A court has heard that a small tin of cannabis was found on Ian Bailey when he was searched in a garda station having earlier been stopped at a checkpoint, and that he told gardaí someone had earlier "left it" for him at his market stall.
Bantry District Court also heard that Mr Bailey told gardaí when informed that the drugs had been found on his person that it was for "personal use" and that a search of his car should not turn up any more cannabis.
However, when gardaí searched his car the morning after his initial arrest, three rolled-up joints were found in a compartment in the centre dash.
Mr Bailey, 63 and with an address at the Prairie, Liscaha, Schull, has pleaded not guilty to four charges - possession of cannabis in his car, possession of cannabis at Bantry Garda Station, driving while cannabis was in his system, and allowing his car to be used for possession of cannabis - at Skull, Schull on August 25 last year.
His barrister, Emmet Boyle, raised a number of issues over how gardaí came to find the drugs, both on Mr Bailey in Bantry Garda Station and later in his car, as well as other aspects of the garda investigation, including why the arresting garda retained Mr Bailey's car keys after his release on the night of his arrest, then took the car and parked it at the garda station overnight before searching it the following morning.
Judge John King will now take written submissions on some of those arguments and the matter will return before the court next month.
During the hearing this afternoon, Sgt Kevin Heffernan told the judge that at the checkpoint he first noted Mr Bailey was not wearing his seatbelt. During a conversation with him he then got a strong smell of intoxicating liquor.
Mr Bailey said he had had a pint earlier with a meal and was tired.
He failed a roadside breath test but later passed a test with the evidenzer at the garda station.
However, while at the station during a search a small tin with suspected cannabis was found on him.
Sgt Heffernan told the court that in a cautioned interview Mr Bailey said: "Someone left it at the market stall.
"They said 'it's for you' and they left it."
He told Garda Heffernan it was "green stuff" and as to whether he knew what it was he said "not exactly but it looks like cannabis".
"I assume it is cannabis and I was in possession of it," he said.
Mr Bailey said he didn't know the name of the person who left it with him and when asked by Sgt Heffernan whether more would be found in his car he replied: "No, you shouldn't."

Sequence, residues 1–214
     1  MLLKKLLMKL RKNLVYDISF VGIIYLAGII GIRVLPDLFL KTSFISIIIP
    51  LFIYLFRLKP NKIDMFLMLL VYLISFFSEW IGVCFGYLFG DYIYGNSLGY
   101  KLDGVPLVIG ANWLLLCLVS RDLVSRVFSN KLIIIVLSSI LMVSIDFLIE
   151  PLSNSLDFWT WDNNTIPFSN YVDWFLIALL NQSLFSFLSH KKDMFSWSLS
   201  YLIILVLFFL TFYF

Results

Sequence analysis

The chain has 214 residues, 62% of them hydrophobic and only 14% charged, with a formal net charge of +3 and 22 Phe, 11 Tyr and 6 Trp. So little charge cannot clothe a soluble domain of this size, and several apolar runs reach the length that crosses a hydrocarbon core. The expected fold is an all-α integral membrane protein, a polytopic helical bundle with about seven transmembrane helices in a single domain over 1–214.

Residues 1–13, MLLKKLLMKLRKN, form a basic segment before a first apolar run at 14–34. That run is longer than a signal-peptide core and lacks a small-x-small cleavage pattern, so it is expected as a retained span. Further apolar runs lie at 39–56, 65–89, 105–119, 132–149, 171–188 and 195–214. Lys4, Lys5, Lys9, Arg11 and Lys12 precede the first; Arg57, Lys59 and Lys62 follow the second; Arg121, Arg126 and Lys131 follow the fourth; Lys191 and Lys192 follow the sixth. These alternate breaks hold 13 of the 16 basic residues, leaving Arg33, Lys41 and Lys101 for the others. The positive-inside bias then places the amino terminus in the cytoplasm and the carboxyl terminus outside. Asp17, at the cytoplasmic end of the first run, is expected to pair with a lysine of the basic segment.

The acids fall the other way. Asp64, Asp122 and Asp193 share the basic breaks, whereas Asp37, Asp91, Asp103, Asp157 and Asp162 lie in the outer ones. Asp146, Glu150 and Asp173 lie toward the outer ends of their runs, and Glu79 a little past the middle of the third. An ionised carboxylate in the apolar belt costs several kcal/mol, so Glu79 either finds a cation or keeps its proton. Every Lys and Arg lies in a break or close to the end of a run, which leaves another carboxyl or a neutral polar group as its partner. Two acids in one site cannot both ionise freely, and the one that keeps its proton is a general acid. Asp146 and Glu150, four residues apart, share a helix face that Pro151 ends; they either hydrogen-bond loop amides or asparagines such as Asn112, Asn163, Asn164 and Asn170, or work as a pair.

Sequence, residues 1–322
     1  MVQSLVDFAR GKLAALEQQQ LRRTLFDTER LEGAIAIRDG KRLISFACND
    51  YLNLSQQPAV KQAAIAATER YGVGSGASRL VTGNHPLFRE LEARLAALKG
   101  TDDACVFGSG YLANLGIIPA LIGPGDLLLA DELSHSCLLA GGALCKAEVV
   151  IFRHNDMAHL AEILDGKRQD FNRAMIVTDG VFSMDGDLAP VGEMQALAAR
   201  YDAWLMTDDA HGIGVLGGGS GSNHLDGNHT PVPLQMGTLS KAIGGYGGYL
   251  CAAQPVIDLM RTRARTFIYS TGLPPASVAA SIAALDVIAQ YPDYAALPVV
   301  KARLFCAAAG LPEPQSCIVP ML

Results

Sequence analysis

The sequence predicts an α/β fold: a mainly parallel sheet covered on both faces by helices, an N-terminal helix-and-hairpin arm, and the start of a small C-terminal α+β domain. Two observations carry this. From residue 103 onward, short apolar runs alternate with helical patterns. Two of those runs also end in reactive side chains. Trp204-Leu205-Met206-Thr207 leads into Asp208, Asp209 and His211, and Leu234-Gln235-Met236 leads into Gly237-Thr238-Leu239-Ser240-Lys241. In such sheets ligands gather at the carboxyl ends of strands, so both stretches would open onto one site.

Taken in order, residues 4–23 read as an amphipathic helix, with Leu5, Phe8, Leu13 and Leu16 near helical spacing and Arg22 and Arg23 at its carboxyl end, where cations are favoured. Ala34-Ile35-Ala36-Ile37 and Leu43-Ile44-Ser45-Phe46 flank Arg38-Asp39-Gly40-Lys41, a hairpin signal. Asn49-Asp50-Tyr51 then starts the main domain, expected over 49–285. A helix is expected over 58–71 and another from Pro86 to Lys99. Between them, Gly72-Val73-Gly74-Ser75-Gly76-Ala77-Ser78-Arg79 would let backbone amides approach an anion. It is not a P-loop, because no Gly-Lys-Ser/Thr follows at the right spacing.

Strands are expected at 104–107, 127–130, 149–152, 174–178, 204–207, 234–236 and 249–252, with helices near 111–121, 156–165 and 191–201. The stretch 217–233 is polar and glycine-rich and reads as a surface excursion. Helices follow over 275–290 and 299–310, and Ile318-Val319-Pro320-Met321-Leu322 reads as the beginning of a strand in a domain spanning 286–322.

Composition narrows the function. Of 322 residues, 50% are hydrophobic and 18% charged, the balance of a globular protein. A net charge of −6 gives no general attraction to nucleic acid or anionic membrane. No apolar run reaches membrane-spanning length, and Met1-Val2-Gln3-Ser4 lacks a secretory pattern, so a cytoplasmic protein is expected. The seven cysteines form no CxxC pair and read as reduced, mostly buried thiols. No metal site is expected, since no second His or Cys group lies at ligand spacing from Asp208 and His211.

Mr Bailey was dropped home and Sgt Heffernan retained his car keys. He went back to Skull, took the car to Schull Garda Station where it remained overnight, before searching it at 8am the next day.
He found three cannabis joints in the car and Mr Bailey was informed when he came to collect his car shortly after noon.
In a cautioned memo of interview that afternoon it was put to him that three cannabis joints had been found in his car and that it was his Mr Bailey said: "Yes, it is. For personal use, yes". He declined to comment as to who had given the cannabis to him.
The blood sample was posted to the MBRS - with Mr Bailey retaining one sample - and the results returned on October 29 last year, showing a reading of 2.7ng/ml for D9 Tetrahydrocannabinol (cannabis) where the limit is 1ng/ml and 19.5ng/ml for 11-nor-9-carboxy-D9-tetrahydrocannabinol (cannabis) where the limit is 5ng/ml.
The cannabis seized was also confirmed as cannabis by the Forensic Science Laboratory.
However, Mr Boyle raised a number of issues around garda procedures and how they were followed, claiming the forming of opinion by Sgt Heffernan that Mr Bailey may have been driving under the influence of cannabis was "retrospective" and nothing in the earlier custody record of garda risk assessment had outlined any reasons why it could be formed.
Judge King asked for written submissions regarding the initial search on Mr Bailey conducted at Bantry Garda Station, the formation of the opinion that Mr Bailey had been driving under the influence of drugs as per Section 13 (A) of the Act, the memo of interview after his release, and the subsequent search of his car after Garda Heffernan had retained the keys to the vehicle.
The case will return before the Judge for mention on December 10.